The best of EcoWatch, right in your inbox. Sign up for our email newsletter!
Greta Thunberg Says 'Haters' Attacking Her Asperger's Have 'Nowhere Left to Go'
Champions of Greta Thunberg — and the 16-year-old climate activist herself — hit back against malicious right-wing bullies over the weekend as she called her Asperger's syndrome diagnosis a "superpower" and her defenders said there is but one reason that people attack the person who has galvanized the global climate strike movement: they are afraid of her.
"The bile thrown at Greta Thunberg is motivated by one thing alone: this incredibly intelligent, eloquent, and compassionate 16-year-old has terrified some of the most hateful and reactionary so-called 'grown ups' on earth," said British political columnist activist Owen Jones. "She's achieved more [at age] 16 than they ever will."
Following her recent arrival in the U.S. to attend rallies outside the United Nations and promote a week of international climate strike actions, taking place from Sept. 20 - 27, Thunberg on Saturday suggested that a fresh wave of criticism directed at her from climate science denialists and right-wingers—including those mocking her Asperger's diagnosis—exposes much more about them than her.
"I'm not public about my diagnosis to 'hide' behind it, but because I know many ignorant people still see it as an 'illness', or something negative," Thunberg added. "And believe me, my diagnosis has limited me before."
In a column on Al-Jazeera English published Monday, writer Andrew Mitrovica came to the defense of Thunberg as he referred to those attacking her as "scientifically illiterate bullies." According to Mitrovica, agreeing with Jones, it is Thunberg's attributes — including her fearlessness and abilility to speak and act so matter-of-factly — that makes hers such a potent voice. He writes:
She disdains celebrity. She makes no claim to heroism. She rebuffs efforts to idolise her. She isn't calculating or preoccupied with fame or ego. There is no artifice about her. She speaks plainly, without affectation or embroidery.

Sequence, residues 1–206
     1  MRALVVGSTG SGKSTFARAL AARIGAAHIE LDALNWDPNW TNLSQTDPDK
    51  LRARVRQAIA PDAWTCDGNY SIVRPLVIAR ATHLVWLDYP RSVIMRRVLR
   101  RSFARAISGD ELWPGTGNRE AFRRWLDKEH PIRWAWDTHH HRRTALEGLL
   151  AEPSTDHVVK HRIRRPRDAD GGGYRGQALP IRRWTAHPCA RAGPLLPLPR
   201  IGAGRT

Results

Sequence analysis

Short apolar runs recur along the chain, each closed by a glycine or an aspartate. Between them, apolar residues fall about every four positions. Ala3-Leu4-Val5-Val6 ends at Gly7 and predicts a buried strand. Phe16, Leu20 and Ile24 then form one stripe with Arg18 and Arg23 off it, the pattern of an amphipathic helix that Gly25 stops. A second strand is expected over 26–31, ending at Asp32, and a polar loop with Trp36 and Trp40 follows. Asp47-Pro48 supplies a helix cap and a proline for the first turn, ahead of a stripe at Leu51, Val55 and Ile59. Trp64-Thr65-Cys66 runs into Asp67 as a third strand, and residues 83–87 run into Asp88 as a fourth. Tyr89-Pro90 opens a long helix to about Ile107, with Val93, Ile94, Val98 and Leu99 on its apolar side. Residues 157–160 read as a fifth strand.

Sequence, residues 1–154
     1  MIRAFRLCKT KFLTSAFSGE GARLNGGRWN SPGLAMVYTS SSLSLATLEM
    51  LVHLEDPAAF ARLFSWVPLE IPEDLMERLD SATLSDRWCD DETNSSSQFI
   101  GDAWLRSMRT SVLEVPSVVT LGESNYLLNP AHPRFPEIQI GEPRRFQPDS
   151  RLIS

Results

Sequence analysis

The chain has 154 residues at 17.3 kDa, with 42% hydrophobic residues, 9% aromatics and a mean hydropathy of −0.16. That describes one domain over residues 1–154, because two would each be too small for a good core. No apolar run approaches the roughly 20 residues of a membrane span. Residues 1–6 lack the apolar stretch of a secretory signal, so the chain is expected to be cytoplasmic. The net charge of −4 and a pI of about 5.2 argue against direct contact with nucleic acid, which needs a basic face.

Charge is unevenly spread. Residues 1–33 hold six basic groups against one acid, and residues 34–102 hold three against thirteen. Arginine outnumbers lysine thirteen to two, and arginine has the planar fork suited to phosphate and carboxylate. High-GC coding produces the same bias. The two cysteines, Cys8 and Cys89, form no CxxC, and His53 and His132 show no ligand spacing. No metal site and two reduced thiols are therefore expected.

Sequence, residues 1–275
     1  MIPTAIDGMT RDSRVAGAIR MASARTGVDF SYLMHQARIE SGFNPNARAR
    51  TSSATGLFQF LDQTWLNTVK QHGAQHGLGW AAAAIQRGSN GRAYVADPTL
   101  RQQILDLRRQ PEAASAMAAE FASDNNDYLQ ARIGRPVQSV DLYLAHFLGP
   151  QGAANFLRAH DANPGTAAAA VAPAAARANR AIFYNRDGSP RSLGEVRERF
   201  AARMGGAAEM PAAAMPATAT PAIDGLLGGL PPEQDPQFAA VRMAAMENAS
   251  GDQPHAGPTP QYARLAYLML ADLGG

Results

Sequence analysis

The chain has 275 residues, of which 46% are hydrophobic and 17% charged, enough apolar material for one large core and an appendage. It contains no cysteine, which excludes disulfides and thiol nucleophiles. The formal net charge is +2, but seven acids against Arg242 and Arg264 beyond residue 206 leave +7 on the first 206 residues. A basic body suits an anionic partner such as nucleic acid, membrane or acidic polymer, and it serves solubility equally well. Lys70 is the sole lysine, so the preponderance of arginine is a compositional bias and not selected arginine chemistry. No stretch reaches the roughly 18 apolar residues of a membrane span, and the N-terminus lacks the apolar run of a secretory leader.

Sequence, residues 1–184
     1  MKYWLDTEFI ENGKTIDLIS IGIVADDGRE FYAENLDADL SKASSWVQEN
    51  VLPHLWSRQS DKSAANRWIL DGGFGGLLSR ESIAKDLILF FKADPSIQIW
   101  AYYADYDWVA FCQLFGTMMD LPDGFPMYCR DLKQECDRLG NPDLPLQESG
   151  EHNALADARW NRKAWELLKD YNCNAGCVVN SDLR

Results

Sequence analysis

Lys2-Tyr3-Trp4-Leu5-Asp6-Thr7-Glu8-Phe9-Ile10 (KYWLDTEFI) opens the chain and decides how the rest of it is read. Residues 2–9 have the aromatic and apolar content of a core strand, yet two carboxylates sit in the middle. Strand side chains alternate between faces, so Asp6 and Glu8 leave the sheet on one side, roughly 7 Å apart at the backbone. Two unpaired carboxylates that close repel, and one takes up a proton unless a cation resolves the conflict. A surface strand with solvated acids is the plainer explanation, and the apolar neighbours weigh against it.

In words and deeds, Thunberg is the embodiment of philosopher Howard Zinn's admonition: "We don't have to engage in grand, heroic actions to participate in the process of change. Small acts, when multiplied by millions of people, can quietly become a power no government can suppress, a power that can transform the world."
Meanwhile, in an interview with the UK's Channel 4 News, Thunberg said she has nothing to say to people who refuse to believe in the scientific warnings about the climate crisis.
Asked if there was still time to address the planetary emergency, Thunberg said, "Yes, we do. We still have time. But that time will not last for long so we need to do something now and we need to do it quickly and we need to do it drastically."
But while part of Thunberg's story lends itself to the notion that "one person can make a difference," she is also the first to acknowledge that it is going to demand massive collective action — from everyone and all over the world — to solve the climate emergency.
Reposted with permission from our media associate Common Dreams.
EcoWatch Daily Newsletter
Grecia Elenes grew up in Fresno, California. She says some parts of the city have been neglected for decades. When she moved back after college she realized nothing has changed.
Three U.S. firefighters gave their lives battling Australia's historic wildfires Thursday when their airborne water tanker crashed.
Doomsday Clock Moves to 100 Seconds Before Midnight Due to Threats of Nuclear War and Climate Change
In a new report about how the world's coral reefs face "the combined threats of climate change, pollution, and overfishing" — endangering the future of marine biodiversity — a London-based nonprofit calls for greater global efforts to end the climate crisis and ensure the survival of these vital underwater ecosystems.
The world is using up more and more resources and global recycling is falling. That's the grim takeaway from a new report by the Circle Economy think tank, which found that the world used up more than 110 billion tons, or 100.6 billion metric tons, of natural resources, as Agence France-Presse (AFP) reported.